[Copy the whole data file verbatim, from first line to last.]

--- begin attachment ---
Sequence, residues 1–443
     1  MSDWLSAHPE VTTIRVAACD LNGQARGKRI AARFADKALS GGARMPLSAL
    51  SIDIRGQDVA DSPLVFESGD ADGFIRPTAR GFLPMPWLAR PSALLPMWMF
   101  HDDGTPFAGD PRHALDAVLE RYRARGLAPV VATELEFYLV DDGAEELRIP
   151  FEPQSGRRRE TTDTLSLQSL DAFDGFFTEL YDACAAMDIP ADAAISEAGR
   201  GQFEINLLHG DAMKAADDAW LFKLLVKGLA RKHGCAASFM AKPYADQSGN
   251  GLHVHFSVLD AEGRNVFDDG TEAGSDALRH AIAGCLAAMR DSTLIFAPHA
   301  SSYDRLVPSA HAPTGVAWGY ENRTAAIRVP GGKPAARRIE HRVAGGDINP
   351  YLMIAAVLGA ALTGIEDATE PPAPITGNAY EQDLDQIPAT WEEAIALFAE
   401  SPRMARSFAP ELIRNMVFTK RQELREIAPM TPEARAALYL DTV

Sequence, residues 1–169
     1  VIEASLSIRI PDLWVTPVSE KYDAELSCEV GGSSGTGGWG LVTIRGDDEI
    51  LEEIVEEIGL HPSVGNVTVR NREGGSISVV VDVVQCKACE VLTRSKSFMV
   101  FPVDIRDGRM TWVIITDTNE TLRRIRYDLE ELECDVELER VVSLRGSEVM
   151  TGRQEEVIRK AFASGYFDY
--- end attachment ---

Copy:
Sequence, residues 1–443
     1  MSDWLSAHPE VTTIRVAACD LNGQARGKRI AARFADKALS GGARMPLSAL
    51  SIDIRGQDVA DSPLVFESGD ADGFIRPTAR GFLPMPWLAR PSALLPMWMF
   101  HDDGTPFAGD PRHALDAVLE RYRARGLAPV VATELEFYLV DDGAEELRIP
   151  FEPQSGRRRE TTDTLSLQSL DAFDGFFTEL YDACAAMDIP ADAAISEAGR
   201  GQFEINLLHG DAMKAADDAW LFKLLVKGLA RKHGCAASFM AKPYADQSGN
   251  GLHVHFSVLD AEGRNVFDDG TEAGSDALRH AIAGCLAAMR DSTLIFAPHA
   301  SSYDRLVPSA HAPTGVAWGY ENRTAAIRVP GGKPAARRIE HRVAGGDINP
   351  YLMIAAVLGA ALTGIEDATE PPAPITGNAY EQDLDQIPAT WEEAIALFAE
   401  SPRMARSFAP ELIRNMVFTK RQELREIAPM TPEARAALYL DTV

Sequence, residues 1–169
     1  VIEASLSIRI PDLWVTPVSE KYDAELSCEV GGSSGTGGWG LVTIRGDDEI
    51  LEEIVEEIGL HPSVGNVTVR NREGGSISVV VDVVQCKACE VLTRSKSFMV
   101  FPVDIRDGRM TWVIITDTNE TLRRIRYDLE ELECDVELER VVSLRGSEVM
   151  TGRQEEVIRK AFASGYFDY